Study Questions Cost-Effectiveness of MS Drugs
Doctors Express Concern About Soaring Prices of Disease-Modifying Drugs for Multiple Sclerosis
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Why Cost-Effectiveness Matters continued...
Cost-effectiveness is a metric used by economists to try to gauge the size of the benefit patients appear to get for their health care dollar.
It's become a buzzword as the government and health insurers try to figure out which treatments are worth covering and how to control skyrocketing health care costs.
In the U.S., there is no set threshold that determines cost-effectiveness, but other countries and some health care agencies use a figure around $50,000 per quality-adjusted life year as one cutoff.
The study found disease-modifying drugs for multiple sclerosis are about 16 times more expensive than that.
"When we talk about effectiveness, we're talking about average effectiveness. If we look at the individual person, many of them will have great benefits, and there will be some who have no benefit at all or even negative effects," Noyes says. "So here is a trade-off between national policy or population-based policy and individual patients."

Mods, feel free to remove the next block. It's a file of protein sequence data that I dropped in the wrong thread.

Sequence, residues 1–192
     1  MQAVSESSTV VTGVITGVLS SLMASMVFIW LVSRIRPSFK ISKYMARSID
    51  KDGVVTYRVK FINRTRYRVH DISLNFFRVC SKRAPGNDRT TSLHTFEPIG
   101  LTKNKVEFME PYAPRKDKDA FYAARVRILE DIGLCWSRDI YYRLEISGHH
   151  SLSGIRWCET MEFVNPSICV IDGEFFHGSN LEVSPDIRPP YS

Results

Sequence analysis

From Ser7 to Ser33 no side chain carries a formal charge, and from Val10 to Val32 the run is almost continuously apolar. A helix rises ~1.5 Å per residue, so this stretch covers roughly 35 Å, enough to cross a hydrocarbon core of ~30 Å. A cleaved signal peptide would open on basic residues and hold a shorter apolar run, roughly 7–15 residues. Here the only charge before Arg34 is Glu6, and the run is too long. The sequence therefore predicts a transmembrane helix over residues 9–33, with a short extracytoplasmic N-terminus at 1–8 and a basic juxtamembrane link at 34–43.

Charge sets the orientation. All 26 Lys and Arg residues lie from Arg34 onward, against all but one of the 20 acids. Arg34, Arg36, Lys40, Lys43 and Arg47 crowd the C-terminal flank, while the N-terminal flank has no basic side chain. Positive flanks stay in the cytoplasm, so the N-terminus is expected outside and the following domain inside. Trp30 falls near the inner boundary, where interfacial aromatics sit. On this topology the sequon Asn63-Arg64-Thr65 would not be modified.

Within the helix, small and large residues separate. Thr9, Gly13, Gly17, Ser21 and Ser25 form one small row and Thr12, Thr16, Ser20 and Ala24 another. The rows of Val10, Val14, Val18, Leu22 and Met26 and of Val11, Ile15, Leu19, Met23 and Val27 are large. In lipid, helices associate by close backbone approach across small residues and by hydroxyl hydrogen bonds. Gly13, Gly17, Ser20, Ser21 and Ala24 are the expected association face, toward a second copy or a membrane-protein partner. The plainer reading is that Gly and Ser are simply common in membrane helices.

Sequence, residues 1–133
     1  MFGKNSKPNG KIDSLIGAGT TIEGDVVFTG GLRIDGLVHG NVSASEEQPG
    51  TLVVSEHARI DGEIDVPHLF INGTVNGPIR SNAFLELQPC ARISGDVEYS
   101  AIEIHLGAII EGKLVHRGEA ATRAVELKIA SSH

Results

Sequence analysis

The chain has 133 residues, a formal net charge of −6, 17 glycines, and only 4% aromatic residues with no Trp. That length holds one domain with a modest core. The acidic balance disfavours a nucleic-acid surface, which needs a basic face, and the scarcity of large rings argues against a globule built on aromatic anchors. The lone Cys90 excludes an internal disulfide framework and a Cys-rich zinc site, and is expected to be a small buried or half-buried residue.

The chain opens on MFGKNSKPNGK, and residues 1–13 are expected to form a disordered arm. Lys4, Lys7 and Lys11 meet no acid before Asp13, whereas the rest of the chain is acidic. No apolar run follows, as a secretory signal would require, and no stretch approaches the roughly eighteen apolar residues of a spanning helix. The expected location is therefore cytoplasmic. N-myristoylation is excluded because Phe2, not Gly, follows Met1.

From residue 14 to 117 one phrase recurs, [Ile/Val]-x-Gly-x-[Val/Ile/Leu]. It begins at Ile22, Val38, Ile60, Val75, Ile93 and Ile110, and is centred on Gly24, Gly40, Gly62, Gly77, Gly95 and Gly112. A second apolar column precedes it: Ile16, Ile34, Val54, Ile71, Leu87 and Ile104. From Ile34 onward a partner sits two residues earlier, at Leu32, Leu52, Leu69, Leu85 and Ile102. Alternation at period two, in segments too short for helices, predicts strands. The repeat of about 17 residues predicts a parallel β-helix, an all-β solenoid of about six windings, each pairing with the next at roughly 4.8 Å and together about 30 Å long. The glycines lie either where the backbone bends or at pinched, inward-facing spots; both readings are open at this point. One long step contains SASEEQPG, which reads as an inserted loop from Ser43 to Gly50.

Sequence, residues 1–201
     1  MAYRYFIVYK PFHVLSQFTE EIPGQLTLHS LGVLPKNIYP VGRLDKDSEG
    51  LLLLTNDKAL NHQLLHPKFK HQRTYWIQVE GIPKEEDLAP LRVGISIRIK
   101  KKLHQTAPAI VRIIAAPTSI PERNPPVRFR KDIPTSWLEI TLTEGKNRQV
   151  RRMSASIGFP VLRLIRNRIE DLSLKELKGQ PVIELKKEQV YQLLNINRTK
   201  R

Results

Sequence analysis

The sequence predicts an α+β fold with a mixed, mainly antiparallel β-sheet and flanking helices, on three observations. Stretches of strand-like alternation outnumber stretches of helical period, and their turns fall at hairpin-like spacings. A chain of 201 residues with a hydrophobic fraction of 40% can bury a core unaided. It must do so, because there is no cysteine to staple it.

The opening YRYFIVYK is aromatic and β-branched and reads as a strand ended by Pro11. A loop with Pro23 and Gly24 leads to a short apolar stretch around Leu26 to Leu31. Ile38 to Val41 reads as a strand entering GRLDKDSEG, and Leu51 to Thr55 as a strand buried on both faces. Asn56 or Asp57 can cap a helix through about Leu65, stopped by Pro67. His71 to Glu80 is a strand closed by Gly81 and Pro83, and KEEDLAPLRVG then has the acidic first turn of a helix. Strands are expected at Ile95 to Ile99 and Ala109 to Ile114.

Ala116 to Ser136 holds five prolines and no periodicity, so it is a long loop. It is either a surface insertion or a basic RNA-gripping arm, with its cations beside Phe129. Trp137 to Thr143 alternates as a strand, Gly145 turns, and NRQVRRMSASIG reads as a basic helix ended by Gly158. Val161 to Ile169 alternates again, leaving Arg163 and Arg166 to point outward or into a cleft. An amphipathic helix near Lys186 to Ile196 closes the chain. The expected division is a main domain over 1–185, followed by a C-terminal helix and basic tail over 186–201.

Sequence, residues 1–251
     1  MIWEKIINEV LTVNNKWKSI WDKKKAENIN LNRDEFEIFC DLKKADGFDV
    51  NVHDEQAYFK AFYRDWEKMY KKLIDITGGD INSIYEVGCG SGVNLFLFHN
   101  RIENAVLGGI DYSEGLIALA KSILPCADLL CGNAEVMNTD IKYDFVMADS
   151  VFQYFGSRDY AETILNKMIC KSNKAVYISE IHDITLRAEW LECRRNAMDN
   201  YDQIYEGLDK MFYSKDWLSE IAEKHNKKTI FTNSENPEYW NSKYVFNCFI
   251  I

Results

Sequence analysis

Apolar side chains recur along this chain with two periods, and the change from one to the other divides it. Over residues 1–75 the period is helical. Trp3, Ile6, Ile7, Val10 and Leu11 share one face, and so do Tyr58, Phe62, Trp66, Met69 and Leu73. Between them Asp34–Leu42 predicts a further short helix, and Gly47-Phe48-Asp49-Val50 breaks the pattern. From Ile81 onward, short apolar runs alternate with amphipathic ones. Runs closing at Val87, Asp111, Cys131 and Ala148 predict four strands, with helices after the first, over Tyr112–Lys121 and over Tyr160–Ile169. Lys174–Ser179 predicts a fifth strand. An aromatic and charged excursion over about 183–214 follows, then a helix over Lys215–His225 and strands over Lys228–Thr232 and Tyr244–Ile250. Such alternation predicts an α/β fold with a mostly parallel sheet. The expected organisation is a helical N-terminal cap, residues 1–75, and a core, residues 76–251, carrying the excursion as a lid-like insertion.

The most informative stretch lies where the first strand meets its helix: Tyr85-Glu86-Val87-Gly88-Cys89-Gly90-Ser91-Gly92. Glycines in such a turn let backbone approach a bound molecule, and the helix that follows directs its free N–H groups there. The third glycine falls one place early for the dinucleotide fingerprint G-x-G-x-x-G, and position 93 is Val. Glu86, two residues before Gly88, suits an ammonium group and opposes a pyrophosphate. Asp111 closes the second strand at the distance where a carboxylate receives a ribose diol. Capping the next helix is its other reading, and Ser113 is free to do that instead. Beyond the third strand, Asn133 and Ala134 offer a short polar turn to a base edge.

For the study, researchers extracted data on 844 people with MS who were part of a large national patient database. They collected information on things like health care costs, lost work time, disease severity, disease progression, and medications, and they used that information to develop mathematical models.
Over 10 years, the models estimated that the average cost to treat one patient was $267,710 with supportive care, but nearly doubled when researchers added the costs of disease-modifying drugs to the equation.
Overall, health outcomes for patients on the disease-modifying drugs appeared to be only slightly better than for those on supportive care.
Making Improvements in Cost-Effectiveness
Other countries pay far less for the same medications.
Patients in the U.K., for example, get the drug Betaseron for about $12,000 a year, while it costs about $34,000 in the U.S.
Researchers say that if the U.S. were to see prices for these drugs like those paid by patients in the U.K., the treatments could achieve more accepted levels of cost-effectiveness.
The cost-effectiveness also improved when people were started on the drugs early in the course of their disease, when the medications could still prevent permanent nerve damage, perhaps keeping them healthier, longer.
The impact of the study will be "a good deal of discussion concerning where we are in the treatment of MS in terms of cost, obviously, and in terms of where we would like to go in the future," says Nicholas LaRocca, PhD, vice president of health care delivery and policy research at the National Multiple Sclerosis Society. The organization helped to fund the study.
"I would imagine that some people will look at this study and will feel that it will discourage the availability of treatment, but I don't really see that happening," he says. "We need to do more studies like this."